|Born just around the corner from Maine Road, Alex Williams was a
goalkeeper who signed for his local club Manchester City in 1979. After
gaining England youth honours he made his first team debut aged just 19
on March 14th 1981 in a 2-1 home win over West Bromwich Albion, thus
becoming the first black goalkeeper to appear in the top flight of
English football. He made one more appearance that term and a further
three the following season, having to be content as understudy to
England international Joe Corrigan.
It wasn't until the 1982-83
season that he got a decent run in the side, making six appearances
during September and October, and when USA-bound Corrigan left the club
the following March Williams was promoted to number one choice.
Unfortunately City were toiling in the relegation zone by that stage,
manager John Bond having resigned, and with six of the next nine games
ending in defeat a point was needed from the last game of the season at
home to Luton Town to ensure survival, but a disastrous 1-0 defeat
condemned the Blues to relegation.
Under new manager Billy
McNeill the 1983/84 season saw the likeable Williams firmly in
possession of the goalkeeper's jersey, but the expected drive for
promotion at the first attempt ran out of steam towards the end of the
season. Despite early exits in round three of both cup competitions, to
Blackpool and Aston Villa respectively, the Blues were joint-top of the
table with Newcastle in February. However a disastrous two months saw an
eventual fourth place finish, just out of the promotion places. On a
personal level Alex had been an ever-present all season for his club,
and during the summer went on to become a member of the England Under-21
side that lifted the 1984 European Championship trophy with a 3-0
aggregate victory over Spain. He had already become a firm favourite
with the City fans, but it was during this time that he became a regular
target for racial abuse from opposing supporters, although the genial
giant shrugged it all off and blamed it on his proximity to the crowd!
1984/85 campaign got off to a poor start with one win in the first five
games and it looked like an uphill struggle once more, but in a three
month spell between September and December Williams kept clean sheets in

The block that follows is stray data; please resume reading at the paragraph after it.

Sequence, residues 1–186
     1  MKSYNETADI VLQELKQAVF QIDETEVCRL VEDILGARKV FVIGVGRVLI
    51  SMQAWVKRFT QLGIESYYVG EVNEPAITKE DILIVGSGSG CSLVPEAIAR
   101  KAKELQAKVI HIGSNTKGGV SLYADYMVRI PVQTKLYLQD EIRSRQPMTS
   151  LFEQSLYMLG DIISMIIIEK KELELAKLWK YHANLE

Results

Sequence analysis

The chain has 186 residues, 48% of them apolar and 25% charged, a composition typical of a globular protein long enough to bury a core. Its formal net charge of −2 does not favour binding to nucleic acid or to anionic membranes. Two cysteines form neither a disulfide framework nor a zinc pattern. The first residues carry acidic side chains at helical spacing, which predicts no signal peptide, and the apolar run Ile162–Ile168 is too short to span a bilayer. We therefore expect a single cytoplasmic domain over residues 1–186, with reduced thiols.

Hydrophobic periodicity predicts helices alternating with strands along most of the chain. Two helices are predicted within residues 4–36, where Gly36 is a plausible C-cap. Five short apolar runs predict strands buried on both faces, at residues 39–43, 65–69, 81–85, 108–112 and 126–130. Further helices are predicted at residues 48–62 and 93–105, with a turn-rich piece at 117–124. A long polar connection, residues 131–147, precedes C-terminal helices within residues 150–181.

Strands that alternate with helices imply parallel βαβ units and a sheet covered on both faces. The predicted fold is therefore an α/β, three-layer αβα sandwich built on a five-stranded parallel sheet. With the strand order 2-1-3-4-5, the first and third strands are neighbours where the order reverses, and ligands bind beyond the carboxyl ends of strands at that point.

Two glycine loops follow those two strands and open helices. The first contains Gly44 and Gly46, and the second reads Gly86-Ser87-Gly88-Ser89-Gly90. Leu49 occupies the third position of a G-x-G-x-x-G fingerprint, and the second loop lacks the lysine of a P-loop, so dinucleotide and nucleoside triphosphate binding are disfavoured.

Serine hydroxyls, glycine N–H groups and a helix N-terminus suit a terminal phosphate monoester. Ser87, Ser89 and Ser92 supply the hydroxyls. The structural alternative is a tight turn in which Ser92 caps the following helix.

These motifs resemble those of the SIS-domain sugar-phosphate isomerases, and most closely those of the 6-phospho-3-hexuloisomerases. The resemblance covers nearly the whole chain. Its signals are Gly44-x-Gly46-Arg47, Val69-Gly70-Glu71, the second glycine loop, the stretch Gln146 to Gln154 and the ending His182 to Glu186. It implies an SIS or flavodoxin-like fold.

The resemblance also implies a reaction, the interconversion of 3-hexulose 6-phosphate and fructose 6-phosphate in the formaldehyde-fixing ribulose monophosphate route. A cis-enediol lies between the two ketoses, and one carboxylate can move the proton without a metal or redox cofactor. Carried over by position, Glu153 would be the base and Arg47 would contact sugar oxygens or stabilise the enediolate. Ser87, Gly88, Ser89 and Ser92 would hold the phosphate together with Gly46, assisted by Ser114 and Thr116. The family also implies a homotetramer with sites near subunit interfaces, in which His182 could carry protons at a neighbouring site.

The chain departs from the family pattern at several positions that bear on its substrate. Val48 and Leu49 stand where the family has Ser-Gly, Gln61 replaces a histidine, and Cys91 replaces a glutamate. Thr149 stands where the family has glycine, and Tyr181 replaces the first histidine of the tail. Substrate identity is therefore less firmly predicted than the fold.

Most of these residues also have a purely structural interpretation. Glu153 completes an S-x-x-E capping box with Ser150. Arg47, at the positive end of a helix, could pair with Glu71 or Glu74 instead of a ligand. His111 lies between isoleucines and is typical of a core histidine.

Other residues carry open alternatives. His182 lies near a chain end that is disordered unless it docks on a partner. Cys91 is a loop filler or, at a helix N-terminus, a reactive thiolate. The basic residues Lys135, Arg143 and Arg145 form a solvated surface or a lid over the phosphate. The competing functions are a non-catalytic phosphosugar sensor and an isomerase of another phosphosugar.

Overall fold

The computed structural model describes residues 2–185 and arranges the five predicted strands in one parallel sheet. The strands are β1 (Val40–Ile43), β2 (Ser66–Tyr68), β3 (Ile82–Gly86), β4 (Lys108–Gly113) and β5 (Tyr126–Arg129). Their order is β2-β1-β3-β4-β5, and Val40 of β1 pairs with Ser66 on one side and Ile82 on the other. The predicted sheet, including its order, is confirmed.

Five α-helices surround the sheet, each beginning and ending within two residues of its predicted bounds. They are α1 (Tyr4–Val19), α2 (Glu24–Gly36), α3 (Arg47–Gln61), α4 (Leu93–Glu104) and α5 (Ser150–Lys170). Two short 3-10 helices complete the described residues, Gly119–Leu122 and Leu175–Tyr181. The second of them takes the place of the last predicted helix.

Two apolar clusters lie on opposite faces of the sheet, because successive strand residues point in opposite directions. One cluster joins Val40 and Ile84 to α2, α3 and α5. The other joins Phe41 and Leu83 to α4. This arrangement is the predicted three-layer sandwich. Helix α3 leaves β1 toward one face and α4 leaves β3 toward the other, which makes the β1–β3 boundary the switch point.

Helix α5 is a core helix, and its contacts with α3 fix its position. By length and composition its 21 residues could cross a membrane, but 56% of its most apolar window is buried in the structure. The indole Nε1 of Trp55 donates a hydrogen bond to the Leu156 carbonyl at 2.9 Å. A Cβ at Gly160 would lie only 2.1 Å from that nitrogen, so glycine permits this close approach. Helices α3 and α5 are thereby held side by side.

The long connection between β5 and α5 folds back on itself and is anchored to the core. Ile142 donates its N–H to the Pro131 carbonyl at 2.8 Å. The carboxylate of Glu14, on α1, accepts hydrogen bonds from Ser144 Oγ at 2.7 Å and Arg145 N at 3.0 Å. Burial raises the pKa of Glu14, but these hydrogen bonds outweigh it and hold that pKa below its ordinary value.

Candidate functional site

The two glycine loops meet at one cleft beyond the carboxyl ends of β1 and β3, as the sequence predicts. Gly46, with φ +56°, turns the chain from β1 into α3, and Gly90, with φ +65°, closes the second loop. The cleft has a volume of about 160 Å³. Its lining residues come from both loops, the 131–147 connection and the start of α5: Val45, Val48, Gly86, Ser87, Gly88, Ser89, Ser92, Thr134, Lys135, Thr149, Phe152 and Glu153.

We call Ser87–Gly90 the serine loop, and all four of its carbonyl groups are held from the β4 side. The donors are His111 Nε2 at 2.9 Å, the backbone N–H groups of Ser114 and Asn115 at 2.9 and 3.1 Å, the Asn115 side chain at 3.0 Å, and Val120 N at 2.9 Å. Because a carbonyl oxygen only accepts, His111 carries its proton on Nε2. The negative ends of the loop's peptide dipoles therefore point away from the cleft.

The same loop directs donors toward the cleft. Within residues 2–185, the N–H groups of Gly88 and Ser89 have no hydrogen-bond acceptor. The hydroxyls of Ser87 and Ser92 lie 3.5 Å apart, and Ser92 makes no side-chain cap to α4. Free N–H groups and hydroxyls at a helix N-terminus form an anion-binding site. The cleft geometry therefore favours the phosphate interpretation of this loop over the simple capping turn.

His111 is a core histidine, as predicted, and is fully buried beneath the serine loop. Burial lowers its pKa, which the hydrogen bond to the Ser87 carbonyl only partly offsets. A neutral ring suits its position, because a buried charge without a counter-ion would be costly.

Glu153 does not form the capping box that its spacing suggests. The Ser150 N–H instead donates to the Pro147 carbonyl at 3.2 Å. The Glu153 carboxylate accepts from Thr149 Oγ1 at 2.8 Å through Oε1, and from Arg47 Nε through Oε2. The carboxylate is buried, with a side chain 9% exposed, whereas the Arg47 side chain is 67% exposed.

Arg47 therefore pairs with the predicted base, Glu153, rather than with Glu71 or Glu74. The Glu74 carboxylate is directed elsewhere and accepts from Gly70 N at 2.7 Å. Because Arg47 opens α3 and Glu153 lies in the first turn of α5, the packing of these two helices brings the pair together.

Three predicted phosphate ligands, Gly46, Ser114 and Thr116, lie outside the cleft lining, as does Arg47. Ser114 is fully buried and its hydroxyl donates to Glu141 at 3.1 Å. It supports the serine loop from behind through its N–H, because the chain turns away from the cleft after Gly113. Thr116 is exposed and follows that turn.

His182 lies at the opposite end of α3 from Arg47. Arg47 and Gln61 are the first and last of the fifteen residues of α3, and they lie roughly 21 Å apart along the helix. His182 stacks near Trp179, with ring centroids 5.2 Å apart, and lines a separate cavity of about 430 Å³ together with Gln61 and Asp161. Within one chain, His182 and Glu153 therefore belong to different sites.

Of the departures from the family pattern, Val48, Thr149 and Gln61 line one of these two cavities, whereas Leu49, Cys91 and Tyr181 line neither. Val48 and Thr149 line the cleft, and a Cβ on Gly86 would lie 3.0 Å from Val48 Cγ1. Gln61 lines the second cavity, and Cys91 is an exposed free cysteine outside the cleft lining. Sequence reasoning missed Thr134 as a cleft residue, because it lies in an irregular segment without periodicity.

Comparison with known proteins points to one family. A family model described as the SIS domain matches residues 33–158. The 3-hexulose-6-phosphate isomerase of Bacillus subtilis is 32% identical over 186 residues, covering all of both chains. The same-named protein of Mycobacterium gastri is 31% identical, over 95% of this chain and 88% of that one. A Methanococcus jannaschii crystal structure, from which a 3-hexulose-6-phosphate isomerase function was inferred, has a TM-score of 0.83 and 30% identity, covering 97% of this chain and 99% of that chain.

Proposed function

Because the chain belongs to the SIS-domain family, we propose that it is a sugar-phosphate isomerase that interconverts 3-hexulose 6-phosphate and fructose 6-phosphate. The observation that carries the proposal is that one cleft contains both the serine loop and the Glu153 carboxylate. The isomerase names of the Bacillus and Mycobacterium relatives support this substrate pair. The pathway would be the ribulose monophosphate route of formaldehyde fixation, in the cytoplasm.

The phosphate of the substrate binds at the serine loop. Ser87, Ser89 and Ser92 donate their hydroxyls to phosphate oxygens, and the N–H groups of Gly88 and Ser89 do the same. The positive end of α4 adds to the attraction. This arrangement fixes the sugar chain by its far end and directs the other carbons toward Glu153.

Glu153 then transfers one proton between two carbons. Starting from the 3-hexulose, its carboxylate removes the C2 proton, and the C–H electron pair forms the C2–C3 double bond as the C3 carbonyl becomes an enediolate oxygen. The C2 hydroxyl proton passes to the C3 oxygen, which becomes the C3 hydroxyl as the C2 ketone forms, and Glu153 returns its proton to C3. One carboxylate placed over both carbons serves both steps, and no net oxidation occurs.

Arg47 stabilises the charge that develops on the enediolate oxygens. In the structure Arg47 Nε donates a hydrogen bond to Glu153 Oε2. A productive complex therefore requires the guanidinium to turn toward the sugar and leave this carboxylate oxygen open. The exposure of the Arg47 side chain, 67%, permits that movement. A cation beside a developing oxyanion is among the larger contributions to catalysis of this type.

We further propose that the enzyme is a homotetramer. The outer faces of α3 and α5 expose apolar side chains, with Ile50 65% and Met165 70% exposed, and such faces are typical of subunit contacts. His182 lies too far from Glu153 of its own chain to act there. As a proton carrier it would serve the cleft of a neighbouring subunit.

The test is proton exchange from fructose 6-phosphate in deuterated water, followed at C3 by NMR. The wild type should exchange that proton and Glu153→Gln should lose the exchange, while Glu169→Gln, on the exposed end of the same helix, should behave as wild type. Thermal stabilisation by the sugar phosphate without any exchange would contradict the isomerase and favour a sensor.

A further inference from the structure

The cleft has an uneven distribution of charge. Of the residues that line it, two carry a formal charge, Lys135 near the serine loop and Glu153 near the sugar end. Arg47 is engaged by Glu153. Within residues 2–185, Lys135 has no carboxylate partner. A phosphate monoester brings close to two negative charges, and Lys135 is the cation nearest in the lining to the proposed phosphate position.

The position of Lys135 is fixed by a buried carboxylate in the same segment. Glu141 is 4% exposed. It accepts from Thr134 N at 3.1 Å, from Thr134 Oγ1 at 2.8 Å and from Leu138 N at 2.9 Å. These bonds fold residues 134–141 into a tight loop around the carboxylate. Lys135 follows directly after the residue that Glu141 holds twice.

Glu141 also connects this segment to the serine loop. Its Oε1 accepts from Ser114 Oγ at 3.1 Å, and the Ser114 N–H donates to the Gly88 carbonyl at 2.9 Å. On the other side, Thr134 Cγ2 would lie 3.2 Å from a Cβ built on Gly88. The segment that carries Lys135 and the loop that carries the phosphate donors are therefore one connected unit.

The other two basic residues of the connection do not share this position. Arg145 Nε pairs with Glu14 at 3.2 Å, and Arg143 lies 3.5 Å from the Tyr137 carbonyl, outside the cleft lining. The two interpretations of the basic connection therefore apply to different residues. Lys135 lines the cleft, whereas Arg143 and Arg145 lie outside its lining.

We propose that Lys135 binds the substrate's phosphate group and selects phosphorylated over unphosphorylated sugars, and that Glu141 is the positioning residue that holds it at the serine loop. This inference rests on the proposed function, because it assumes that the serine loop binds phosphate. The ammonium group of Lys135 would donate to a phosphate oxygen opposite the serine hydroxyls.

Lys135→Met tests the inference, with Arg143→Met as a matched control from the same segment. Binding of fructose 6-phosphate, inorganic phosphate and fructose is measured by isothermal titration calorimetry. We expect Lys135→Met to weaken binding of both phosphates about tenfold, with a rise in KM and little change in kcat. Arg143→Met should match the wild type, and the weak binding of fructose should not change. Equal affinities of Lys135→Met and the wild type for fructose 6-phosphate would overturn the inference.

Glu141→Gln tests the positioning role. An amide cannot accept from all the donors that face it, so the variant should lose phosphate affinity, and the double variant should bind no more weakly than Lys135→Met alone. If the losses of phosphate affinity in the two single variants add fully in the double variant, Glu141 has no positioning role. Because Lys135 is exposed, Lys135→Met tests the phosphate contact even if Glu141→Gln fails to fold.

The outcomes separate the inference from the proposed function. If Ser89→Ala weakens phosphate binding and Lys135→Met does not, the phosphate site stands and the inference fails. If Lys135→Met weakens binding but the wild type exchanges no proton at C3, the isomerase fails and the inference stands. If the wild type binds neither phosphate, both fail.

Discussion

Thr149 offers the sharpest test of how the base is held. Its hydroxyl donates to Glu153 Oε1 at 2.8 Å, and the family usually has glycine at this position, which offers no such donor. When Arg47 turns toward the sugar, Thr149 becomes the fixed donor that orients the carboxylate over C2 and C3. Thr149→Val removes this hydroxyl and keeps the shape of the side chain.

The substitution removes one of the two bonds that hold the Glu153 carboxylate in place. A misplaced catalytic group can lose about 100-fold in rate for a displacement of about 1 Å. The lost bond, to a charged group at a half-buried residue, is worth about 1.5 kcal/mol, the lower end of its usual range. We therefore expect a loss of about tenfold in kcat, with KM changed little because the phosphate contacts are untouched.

nine out of fourteen league games to push City up the table. With
defeats in the FA Cup to Coventry (1-2) and the League Cup to Chelsea
(1-4), a period of inconsistency then followed, and by the time Charlton
Athletic arrived at Maine Road for the final game of the season the
Blues needed a win to achieve promotion. A resounding 5-1 victory
eventually made sure they went up in third place on goal difference over
Portsmouth. Once again Alex had played in every league and cup game of
the season and his 21 clean sheets in 42 league games was the second
best ever recorded by a City keeper.
Despite playing in the first
eight games of the 1985/86 season Williams was suffering with a toe
injury, and after a 3-0 loss at home to Manchester United in the derby
match on September 14th he lost his place to Eric Nixon. Sadly for Alex
this was to prove his last game for the club after playing in 102
consecutive league games between March 1983 and September 1985, as he
was to suffer a bad fall and injury to his spine in a reserve team match
when he was on the road to recovery. After struggling to regain full
fitness he was sent out on loan to Queen of the South for a brief period
before he was eventually allowed to leave Maine Road in November 1986
when he was transferred to Port Vale. He had made a total of 125 league
and cup appearances for the Blues but after only one full season with
Vale he was forced to quit the game with serious back problems at the
age of only 25.
Fortunately his services were not lost to the
game. The respect in which he was held led to him being appointed
Community Officer at Port Vale, which in turn led to him returning to
Manchester City two years later as a key figure in the club's Football
in the Community scheme. He was such a success in the role that in 2002
he was awarded the MBE in the New Year's Honours list for his services
to young people. (David Redshaw)
Years Team Games
1980–1986 Manchester City 125 (0)
1986 Queen of the South 5 (0)
1986–1987 Port Vale 35 (0)
Total 165 games
Williams returned to Port Vale in July 1988 as the community programme officer
but departed in January 1990 to take up a similar role at Manchester City.
He then worked as the Executive Manager of City in the Community, Manchester City's community programme.
Williams was awarded the MBE in the 2002 New Years Honours list for his services to young people.